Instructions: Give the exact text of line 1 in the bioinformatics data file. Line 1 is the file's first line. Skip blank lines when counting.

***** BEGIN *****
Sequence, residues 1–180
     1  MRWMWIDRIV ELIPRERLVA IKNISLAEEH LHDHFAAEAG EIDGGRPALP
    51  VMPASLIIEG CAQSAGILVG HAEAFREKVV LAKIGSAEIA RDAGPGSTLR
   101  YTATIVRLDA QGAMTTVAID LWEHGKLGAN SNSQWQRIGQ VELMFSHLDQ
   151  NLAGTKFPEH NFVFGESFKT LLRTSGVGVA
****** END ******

Sequence, residues 1–180